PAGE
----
Vivian S. Lee, M.B.A., M.D., Ph.D.
Dr. Lee is a radiologist by training and is currently principal investigator for three
NIH R01 grants. She has served as Chair of the Medical Imaging NIH study
section and is a Fellow and past President of the International Society for
Magnetic Resonance in Medicine (ISMRM). On the Editorial Board of leading journals
in imaging, Dr. Lee has authored over 150 peer-reviewed research publications,
and a popular textbook, Cardiovascular MRI: Physical Principles to Practical
Protocols (Lippincott, 2006). In 2005, 2011 and 2012, Dr. Lee received the
Outstanding Teacher Award from the International Society for Magnetic Resonance
in Medicine. In 2012, she delivered the ISMRM Lauterbur Lecture.
Since July of 2011, Dr. Vivian S. Lee has served as Senior Vice
President for Health Sciences at the University of Utah, Dean of the
University’s School of Medicine, and CEO of University of Utah Health Care. In
this position she is responsible for an annual budget of more than $2.3
billion; a healthcare system comprising four hospitals, numerous clinical and
research specialty centers like the Huntsman Cancer Institute and John Moran
Eye Center, a network of 10 neighborhood health centers, an insurance plan, and
over 1,200 board certified physicians; and five colleges including the School
of Medicine, of which she also serves as Dean, the College of Nursing,
Pharmacy, Health, and most recently, Dentistry.
Rick Hodes is an American doctor
who has lived and worked in Ethiopia for over 20 years. He is the Medical
Director of Ethiopia for the American Jewish Joint Distribution Committee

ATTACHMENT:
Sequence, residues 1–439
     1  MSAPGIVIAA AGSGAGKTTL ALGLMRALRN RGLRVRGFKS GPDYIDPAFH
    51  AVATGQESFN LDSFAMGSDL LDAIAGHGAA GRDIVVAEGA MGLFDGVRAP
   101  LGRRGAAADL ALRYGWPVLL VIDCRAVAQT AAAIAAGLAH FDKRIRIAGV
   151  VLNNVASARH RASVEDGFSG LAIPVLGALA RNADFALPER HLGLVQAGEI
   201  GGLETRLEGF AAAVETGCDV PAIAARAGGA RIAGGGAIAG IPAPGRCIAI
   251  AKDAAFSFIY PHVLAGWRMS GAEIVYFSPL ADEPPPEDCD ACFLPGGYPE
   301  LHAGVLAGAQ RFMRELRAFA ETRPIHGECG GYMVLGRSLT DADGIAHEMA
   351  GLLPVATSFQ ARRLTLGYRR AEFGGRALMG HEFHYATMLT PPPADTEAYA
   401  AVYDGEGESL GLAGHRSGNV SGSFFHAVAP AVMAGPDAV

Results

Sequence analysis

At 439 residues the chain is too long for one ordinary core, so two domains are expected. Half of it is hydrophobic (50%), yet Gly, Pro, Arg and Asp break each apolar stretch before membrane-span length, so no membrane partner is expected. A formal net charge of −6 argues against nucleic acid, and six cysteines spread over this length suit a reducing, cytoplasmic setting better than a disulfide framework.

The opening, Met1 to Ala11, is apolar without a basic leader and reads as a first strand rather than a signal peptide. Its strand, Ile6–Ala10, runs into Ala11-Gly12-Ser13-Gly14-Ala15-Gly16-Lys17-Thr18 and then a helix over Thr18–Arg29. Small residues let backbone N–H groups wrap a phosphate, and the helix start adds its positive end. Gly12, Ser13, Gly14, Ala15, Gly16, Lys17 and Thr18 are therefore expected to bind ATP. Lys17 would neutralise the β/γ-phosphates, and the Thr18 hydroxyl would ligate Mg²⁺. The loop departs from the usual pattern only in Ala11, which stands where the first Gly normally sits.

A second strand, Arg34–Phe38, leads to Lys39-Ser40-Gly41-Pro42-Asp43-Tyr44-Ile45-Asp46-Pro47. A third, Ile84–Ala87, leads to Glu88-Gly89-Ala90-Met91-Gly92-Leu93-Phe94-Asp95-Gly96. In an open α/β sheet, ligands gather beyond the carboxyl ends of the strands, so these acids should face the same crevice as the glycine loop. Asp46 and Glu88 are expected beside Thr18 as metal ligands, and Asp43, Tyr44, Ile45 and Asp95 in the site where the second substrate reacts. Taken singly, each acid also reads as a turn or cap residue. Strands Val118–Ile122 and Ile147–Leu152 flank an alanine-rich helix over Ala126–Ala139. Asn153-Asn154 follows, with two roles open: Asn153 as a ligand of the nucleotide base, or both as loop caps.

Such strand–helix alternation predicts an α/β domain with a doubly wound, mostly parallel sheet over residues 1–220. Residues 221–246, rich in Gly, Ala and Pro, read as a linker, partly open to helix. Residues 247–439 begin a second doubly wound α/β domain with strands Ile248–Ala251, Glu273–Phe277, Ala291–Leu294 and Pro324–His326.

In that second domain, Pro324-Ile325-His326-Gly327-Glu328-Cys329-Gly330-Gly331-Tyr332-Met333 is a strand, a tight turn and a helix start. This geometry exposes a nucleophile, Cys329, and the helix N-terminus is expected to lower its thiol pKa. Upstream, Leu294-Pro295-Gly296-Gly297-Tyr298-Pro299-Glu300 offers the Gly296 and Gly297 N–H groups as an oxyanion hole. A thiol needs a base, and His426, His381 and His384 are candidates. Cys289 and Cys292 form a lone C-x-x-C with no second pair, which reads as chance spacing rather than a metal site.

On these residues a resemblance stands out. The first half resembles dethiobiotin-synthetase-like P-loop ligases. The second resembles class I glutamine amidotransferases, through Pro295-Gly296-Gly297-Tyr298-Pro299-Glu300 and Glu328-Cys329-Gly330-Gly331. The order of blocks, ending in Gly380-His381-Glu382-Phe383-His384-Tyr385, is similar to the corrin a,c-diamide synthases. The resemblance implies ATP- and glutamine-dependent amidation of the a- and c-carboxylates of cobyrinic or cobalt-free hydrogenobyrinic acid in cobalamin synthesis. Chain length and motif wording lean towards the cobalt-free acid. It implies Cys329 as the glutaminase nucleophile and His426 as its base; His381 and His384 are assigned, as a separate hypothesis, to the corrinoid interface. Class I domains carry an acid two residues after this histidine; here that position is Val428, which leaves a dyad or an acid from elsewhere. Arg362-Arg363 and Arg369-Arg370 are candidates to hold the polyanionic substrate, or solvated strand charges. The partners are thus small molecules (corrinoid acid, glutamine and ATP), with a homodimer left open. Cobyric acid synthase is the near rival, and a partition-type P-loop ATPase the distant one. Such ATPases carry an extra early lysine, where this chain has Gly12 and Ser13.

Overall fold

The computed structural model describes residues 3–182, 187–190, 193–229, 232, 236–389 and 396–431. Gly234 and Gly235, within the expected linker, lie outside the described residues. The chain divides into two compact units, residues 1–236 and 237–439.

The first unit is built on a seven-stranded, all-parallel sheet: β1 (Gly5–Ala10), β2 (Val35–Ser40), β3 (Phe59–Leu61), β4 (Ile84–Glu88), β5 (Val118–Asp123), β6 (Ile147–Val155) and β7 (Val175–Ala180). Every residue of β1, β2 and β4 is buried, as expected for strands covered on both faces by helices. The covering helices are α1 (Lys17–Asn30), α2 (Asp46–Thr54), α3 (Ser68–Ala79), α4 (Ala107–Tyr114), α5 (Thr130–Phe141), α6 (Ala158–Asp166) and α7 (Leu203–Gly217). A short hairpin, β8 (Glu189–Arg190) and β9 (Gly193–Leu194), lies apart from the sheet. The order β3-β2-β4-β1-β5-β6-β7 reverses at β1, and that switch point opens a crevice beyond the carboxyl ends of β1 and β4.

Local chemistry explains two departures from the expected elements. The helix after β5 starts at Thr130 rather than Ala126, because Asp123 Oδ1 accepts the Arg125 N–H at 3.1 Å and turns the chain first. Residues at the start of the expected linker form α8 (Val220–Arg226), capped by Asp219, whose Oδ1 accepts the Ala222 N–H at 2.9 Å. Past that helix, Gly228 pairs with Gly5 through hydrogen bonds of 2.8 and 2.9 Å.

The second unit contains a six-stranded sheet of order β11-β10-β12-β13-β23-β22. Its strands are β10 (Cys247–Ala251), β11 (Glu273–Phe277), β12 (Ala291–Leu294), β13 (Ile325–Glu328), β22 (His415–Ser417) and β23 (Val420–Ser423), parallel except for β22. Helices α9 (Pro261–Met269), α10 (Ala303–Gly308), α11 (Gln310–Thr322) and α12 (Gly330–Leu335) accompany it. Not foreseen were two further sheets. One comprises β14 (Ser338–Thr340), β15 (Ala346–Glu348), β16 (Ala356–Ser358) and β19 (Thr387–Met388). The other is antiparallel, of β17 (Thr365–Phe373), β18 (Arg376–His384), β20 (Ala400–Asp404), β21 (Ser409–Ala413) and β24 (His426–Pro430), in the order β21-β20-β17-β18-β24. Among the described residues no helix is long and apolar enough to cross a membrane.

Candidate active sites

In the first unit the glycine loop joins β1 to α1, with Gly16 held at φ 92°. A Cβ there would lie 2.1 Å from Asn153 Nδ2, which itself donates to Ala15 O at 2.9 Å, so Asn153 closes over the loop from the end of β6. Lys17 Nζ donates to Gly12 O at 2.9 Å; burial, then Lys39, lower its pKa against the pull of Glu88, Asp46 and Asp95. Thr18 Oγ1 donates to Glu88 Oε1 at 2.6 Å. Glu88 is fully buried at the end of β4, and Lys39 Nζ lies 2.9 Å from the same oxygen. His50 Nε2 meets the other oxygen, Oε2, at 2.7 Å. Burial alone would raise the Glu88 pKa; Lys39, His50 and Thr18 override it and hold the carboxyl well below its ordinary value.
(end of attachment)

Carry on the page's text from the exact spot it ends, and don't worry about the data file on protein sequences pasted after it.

(JDC), a 95-year old NGO. Over the years, he has been in charge of the health
of Ethiopians immigrating to Israel. Currently, he is the senior consultant at
a Catholic mission helping sick destitutes with heart disease (rheumatic and
congenital), spine disease (TB and scoliosis), and cancer. He has also worked
with refugees in Rwanda, Zaire, Tanzania, Somalia, and Albania.
Hodes is a graduate of Middlebury
College and University of Rochester Medical School, and trained in internal
medicine at Johns Hopkins. Hodes first went to Ethiopia as a relief worker
during the 1984 famine. He returned there on a Fulbright Fellowship to teach
internal medicine, and in 1990 was hired by the JDC as the medical adviser
for the country. His original position was to care for 25,000 potential
immigrants to Israel. In 1991, he was an active contributor during “Operation
Solomon,” helping the Ethiopian Jews airlifted to Israel. In 2007, Dr. Hodes
was selected as a finalist for “CNN Heroes,” a program that highlights ordinary
people for their extraordinary achievements.The American College of Physicians
has awarded him “Mastership” and the Rosenthal Award for creative practice of
medicine. He was honored as ABC’s Person of the Week in 2010.
Easmon Otupiri, DVM, MPH
Dr. Easmon Otupiri is a public health
expert in the Department of Community Health at the Kwame Nkrumah University of
Science and Technology School of Medical Sciences in Kumasi, Ghana. He is
engaged in teaching, research and service to the community. Dr. Otupiri has
played key roles in many community-directed interventions that have resulted in
health policy at the national level; home-based management of malaria in
children under-five, development of community-based health systems through a
network of community-based agents, community-based management of pneumonia with
antibiotics, emergency obstetric and essential newborn care, post-abortion care
services and the introduction of pneumococcal vaccination for children in